venerdì 13 maggio 2022

1st Independent Polish Parachute Brigate at Driel and Gen Sosabowski - May 2022

The 1st Polish Independent Parachute Brigate was an infantry brigade of Polish Army that was created in September 1941. 
The Brigade was formed by Polish soldiers in exile in UK with the aim of its being used to support Polish resistance during Ww2. 

Unfortunately, on July 27, aware of the imminent Warsaw uprising the British governement refused the idea to use this brigate to support the insurgents. Polish unit should have took part of Normandy assault but also this mission was cancelled for them.
On contrary the brigade was involved in Operation Market Garden in September 1944. This operation was a bold plan designed to caputure the Rhine crossing along the Dutch-German border and establish a foothold for an advance in Germany.

Owing to bad weather and shortage of planes the drop on their objective was delayed by two days. They dropped into Driel (near Arnhem) without British units of support and without radio contact with the main Allied forces. They were dropped directly under a significant German fire and they were forced to set up a defensive hedgehog position.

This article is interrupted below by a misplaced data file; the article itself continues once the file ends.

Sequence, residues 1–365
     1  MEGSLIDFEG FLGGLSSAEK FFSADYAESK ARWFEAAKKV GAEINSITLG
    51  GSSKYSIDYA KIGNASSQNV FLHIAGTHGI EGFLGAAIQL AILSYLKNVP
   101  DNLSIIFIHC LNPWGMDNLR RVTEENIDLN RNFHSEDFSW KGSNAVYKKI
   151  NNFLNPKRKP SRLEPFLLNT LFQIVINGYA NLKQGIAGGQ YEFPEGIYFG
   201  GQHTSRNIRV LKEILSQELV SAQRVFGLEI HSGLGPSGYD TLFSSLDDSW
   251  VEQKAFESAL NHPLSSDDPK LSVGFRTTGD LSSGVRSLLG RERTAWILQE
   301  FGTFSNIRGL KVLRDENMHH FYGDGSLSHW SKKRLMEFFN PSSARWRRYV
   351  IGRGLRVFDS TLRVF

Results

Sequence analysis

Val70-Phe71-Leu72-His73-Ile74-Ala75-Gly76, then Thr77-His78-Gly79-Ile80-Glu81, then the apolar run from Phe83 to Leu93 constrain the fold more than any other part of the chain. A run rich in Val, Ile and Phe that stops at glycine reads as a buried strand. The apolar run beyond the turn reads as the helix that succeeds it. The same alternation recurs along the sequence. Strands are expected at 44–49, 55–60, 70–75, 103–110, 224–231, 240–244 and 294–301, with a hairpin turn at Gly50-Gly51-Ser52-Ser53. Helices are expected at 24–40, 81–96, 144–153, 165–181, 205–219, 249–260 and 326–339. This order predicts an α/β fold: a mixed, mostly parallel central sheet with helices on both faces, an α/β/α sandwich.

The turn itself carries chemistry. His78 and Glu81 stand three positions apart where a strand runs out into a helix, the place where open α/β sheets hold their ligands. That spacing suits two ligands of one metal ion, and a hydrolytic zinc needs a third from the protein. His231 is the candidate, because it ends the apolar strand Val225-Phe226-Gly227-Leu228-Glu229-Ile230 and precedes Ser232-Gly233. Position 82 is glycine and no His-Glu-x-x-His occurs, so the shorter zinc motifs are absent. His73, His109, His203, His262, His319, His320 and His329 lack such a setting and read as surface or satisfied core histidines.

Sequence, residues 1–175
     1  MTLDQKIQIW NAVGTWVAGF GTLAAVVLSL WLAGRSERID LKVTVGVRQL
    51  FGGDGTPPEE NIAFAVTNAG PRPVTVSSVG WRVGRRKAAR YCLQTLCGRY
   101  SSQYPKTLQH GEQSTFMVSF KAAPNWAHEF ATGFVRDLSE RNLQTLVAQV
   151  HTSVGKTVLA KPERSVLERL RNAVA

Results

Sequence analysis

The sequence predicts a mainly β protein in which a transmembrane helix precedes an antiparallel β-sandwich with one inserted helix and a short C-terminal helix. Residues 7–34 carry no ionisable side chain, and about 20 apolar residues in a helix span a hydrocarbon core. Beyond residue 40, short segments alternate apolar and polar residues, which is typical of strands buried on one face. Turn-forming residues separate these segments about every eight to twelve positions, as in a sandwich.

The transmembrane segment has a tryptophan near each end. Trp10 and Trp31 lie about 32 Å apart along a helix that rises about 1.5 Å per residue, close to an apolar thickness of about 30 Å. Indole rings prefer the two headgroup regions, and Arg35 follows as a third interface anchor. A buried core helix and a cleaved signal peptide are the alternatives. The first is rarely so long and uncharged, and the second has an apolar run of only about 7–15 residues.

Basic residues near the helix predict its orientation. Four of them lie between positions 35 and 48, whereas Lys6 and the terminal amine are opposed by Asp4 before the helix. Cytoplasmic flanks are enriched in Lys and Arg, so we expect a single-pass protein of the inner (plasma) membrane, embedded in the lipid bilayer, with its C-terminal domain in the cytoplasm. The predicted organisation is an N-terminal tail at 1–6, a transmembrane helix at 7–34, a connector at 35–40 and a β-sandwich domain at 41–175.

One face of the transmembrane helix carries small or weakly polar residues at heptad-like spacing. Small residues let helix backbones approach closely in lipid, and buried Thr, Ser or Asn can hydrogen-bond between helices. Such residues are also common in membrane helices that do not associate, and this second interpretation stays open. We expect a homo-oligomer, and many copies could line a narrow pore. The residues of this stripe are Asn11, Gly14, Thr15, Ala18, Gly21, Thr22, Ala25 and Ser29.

They tried for two days to cross the Rhine to reach the British red devils. After 3 days about 200 Polish troopers reach the British 1st Airborne Division only to cover their fall back.

On September 26 the Brigade ... or better what it remains ...  was moved to Nijmegen. The brigade had lost 25% of its fighting strength
Till the end of the war the 1st Polish brigade was attached to the 1st Polish Armoured Division in occupation duties in Norther Germany. 

The commander of the 1st Polish Independent Parachute Brigade in Driel was Major General Stanislaw Sosabowski. 

During the invasion of Poland he was colonel and he partecipated to the Siege of Warsaw keeping the position. After his success, Sosabowski was assigned to command of all Polish troops in the area of Grochow. Despite constant bombardement and German attacks he repelled the enemy attacks. Following the Polish surrender, he was made prisoner. Escaped he reach the Polish governement in exile. 
After the war he found a job as a factory worker in London. As well as many other Polish officers he was unable to return to Communist Poland so he decided for the exile. He died in 1967. Only in 1969 his remians were returned to Poland at Powazki Miliary Cemetery in Warsaw.
In the movie A Bridge too far he was portaryed by Gene Hackman

2 commenti:

  1. Fantastic work and great post!
    Thank you!

  2. Characterful and beautiful figures...and great looking terrain!